Sake (/ˈsɑːkeɪ/ or /ˈsɑːki/) is an alcoholic beverage of Japanese origin that is made from fermented rice. It may also be spelled saké or saki.
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Some articles on sake:
... If Saijō is famed for one thing in particular, it is sake (rice wine) ... the narrow streets of the Sakagura Dori ("Sake Storehouse Road") area near JR Saijō Station are the Namako wall (white-lattice walled) and Sekishu Gawara (red-roof tile) roofs of ten well-known sake ... Each October there is also the Saijō Sake Matsuri 酒まつり (Sake Festival) which draws crowds of between 100-200,000 revelers and sake connoisseurs before the brewing season (October–March) begins ...
... "Sakura Sake" Takeshi Aida (相田 毅, Aida Takeshi?), Sho Sakurai Shin Tanimoto (谷本 新, Tanimoto Shin?) 423 2 ... "Sakura Sake" (Karaoke) Aida, Sakurai Tanimoto 423 4 ... "Sakura Sake" Aida, Sakurai Tanimoto 423 2 ...
... used his expertise in brewing to create his own brand of sake for the brewery ... for his excellent brands of sake ... Harper continues to brew sake at Kinoshita-Shuzou, hoping to spread the taste of the traditional Japanese drink throughout the world and revive the brew in its homeland ...
... The company was founded in 1717 in Nada-ku, Kobe, a region famous for sake production ... its sake is exported to approximately 30 countries ...
More definitions of "sake":
- (noun): The purpose of achieving or obtaining.
Example: "For the sake of argument"
- (noun): A reason for wanting something done.
Example: "For your sake"; "died for the sake of his country"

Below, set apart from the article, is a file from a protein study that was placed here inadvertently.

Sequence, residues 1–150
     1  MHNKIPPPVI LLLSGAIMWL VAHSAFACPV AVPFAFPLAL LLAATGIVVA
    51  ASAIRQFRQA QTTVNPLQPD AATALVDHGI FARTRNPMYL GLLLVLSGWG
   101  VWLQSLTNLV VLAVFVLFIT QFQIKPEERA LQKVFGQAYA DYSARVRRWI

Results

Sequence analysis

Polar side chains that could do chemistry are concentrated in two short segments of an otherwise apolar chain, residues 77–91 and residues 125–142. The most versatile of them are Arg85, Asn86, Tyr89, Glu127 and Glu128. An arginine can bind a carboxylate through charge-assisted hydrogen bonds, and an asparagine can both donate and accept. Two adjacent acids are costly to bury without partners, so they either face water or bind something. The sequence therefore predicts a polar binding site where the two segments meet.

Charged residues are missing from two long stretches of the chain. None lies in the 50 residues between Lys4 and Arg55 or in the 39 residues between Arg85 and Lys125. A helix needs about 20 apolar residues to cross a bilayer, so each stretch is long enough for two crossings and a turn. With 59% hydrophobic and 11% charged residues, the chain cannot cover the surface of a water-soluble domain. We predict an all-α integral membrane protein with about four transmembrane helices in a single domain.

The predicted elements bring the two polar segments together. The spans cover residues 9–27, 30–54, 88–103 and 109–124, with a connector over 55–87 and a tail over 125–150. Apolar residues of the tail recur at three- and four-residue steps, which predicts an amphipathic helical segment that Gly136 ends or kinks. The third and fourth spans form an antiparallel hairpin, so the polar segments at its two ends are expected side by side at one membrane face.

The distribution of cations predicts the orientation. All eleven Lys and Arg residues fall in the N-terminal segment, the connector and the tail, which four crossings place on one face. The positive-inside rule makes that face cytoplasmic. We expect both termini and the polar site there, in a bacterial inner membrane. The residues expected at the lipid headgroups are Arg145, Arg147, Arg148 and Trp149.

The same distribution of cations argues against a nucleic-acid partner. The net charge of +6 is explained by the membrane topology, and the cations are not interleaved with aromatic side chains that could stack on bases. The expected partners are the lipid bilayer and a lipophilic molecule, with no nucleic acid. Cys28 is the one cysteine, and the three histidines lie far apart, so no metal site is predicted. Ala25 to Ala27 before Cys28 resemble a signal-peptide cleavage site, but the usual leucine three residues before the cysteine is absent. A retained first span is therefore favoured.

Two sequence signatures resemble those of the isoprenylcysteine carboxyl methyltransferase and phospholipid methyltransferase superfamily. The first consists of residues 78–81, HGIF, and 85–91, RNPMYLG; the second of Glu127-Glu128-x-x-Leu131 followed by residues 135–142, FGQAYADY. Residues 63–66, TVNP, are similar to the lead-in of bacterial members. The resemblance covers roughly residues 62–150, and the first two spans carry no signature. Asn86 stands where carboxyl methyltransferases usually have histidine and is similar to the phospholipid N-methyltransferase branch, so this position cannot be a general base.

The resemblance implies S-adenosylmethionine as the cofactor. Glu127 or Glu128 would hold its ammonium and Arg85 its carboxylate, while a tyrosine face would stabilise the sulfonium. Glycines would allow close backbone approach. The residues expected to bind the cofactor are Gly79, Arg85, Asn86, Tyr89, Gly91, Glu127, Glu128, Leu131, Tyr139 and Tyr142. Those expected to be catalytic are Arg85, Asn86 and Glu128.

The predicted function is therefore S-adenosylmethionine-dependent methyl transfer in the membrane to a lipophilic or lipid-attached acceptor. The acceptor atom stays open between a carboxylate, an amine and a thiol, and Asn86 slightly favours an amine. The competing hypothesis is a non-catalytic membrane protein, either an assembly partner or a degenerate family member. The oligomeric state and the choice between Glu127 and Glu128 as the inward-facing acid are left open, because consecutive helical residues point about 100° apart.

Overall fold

Famous quotes containing the word sake:
“True love ennobles and dignifies the material labors of life; and homely services rendered for loves sake have in them a poetry that is immortal.”
—Harriet Beecher Stowe (18111896)
“The essence of being human is that one does not seek perfection, that one is sometimes willing to commit sins for the sake of loyalty, that one does not push asceticism to the point where it makes friendly intercourse impossible, and that one is prepared in the end to be defeated and broken up by life, which is the inevitable price of fastening ones love upon other human individuals.”
—George Orwell (19031950)
“Most women of [the WW II] generation have but one image of good motherhoodthe one their mothers embodied. . . . Anything done for the sake of the children justified, even ennobled the mothers role. Motherhood was tantamount to martyrdom during that unique era when children were gods. Those who appeared to put their own needs first were castigated and shunnedthe ultimate damnation for a gender trained to be wholly dependent on the acceptance and praise of others.”
—Melinda M. Marshall (20th century)